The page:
There is a need to increase the comparability of data with regard to human interventions and to extend data collection to all EEA countries.
The regionalisation of the continent should, if required for the comparison of human interventions, be based on hydrological characteristics and/or on human pressures and demand.
The investigation on significant human interventions in the hydrological cycle should be extended to all EEA countries to give a representative overview of the situation across Europe. The reasons for an intervention should, in particular, be outlined in a detailed way, which may help in defining the most appropriate comparative regions. The importance of interventions nationally, regionally and across Europe should then be able to be assessed.
Single interventions should be investigated separately with more detailed assessments on the impacts on water quality.
At this stage of the Project the different human activities have not been fully quantified at a national or European level. For example, there appears to be no real information on the extent/intensity of different activities affecting the hydrological cycle. Information such as on the number of dams in a Member State and the catchment area affected, or the approximate length/% of river channelised or under flow regulation might be feasible to obtain in the near future. Indeed work undertaken by the ETC/IW on developing a reservoirs database has begun to quantify the number of dams, reservoirs and lakes across the EEA area. The next phase of this study must address these issues and should suggest a list of data/information which each Member State could supply in the medium term (next two or three years).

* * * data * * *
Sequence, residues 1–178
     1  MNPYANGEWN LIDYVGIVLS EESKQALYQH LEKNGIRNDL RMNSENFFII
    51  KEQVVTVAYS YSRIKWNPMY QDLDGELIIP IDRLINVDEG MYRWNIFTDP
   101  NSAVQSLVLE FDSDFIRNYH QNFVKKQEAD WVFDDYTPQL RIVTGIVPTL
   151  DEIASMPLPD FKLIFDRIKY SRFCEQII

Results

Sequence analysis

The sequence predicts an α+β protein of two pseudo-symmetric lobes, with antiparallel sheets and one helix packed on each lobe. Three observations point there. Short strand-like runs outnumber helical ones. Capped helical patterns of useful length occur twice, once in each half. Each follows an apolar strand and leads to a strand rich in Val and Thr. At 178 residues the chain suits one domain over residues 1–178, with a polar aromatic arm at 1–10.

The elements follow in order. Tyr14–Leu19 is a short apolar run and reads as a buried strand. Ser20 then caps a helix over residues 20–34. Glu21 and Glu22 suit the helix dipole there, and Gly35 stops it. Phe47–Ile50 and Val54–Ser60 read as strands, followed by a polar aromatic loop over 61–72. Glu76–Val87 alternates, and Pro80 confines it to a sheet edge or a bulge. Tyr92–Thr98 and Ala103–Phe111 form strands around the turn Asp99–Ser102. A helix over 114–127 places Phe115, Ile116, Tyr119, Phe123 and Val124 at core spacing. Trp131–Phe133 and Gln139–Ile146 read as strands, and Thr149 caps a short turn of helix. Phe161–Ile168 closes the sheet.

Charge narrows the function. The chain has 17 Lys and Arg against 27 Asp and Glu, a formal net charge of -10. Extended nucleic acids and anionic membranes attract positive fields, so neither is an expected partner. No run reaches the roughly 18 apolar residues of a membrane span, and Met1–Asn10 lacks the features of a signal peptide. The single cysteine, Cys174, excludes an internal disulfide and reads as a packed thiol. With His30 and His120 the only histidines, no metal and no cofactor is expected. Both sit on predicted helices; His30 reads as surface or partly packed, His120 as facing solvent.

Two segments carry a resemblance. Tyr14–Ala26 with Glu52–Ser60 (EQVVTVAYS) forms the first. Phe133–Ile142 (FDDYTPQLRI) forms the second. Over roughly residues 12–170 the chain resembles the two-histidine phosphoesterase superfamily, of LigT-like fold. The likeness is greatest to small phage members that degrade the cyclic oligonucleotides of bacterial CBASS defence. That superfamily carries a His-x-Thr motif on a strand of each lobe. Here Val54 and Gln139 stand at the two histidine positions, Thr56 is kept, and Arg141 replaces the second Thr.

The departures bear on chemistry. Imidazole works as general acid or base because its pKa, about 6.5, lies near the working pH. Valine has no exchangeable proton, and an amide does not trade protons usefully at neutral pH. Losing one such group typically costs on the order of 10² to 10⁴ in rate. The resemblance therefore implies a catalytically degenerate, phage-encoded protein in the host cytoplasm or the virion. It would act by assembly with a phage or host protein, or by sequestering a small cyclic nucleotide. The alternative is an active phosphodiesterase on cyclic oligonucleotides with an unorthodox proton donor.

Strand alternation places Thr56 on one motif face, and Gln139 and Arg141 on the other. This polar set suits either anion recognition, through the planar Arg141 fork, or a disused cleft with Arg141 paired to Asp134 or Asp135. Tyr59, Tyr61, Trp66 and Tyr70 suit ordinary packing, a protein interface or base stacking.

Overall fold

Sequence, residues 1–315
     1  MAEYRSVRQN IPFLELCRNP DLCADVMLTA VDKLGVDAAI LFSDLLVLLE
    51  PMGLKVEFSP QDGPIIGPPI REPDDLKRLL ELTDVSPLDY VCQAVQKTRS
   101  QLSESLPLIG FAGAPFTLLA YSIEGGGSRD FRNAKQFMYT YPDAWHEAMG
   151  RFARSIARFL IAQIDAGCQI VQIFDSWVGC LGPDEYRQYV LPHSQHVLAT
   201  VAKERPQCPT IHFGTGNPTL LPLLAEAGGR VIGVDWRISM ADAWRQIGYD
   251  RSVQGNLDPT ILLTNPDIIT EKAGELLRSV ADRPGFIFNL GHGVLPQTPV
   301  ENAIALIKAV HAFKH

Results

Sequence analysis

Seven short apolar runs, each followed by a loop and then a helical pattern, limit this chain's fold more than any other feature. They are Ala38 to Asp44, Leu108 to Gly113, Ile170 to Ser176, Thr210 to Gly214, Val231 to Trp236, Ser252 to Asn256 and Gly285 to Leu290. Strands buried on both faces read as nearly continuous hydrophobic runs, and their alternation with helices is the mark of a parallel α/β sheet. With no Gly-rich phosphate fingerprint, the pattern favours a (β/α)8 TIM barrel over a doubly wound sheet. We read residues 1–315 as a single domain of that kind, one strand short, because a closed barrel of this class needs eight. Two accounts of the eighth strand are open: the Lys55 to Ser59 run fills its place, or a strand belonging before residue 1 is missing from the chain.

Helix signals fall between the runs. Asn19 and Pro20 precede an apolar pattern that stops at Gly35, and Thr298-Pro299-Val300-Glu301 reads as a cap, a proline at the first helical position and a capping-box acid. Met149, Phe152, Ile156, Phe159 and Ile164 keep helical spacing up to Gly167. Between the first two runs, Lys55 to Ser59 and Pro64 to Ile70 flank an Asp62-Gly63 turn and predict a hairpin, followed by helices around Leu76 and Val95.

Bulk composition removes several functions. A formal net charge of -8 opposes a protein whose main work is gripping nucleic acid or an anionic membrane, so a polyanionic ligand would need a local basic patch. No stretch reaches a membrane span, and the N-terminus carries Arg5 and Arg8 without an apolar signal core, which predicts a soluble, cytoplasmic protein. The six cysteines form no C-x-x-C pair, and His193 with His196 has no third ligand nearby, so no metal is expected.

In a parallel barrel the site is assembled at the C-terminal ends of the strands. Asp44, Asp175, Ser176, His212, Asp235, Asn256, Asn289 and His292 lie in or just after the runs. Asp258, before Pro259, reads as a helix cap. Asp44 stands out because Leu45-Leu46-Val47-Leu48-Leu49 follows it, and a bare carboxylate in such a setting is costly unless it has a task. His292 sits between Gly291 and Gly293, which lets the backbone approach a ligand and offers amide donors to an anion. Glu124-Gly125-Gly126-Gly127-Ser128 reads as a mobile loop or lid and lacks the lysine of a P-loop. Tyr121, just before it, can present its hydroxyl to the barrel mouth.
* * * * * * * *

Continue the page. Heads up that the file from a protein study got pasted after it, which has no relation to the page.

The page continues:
It is recommended that the methodology and definitions used in this scoping study are further refined and developed in light of the experience obtained. Information gathering should then be extended to other EEA Member States. It should be noted that the work on human interventions affecting groundwater quality and quantity will be addressed in the Groundwater Quality and Quantity Monograph to be produced by the ETC/IW in 1997 under the 1996 subvention.
For references, please go to www.eea.europa.eu/soer or scan the QR code.
This briefing is part of the EEA's report The European Environment - State and Outlook 2015. The EEA is an official agency of the EU, tasked with providing information on Europe’s environment.
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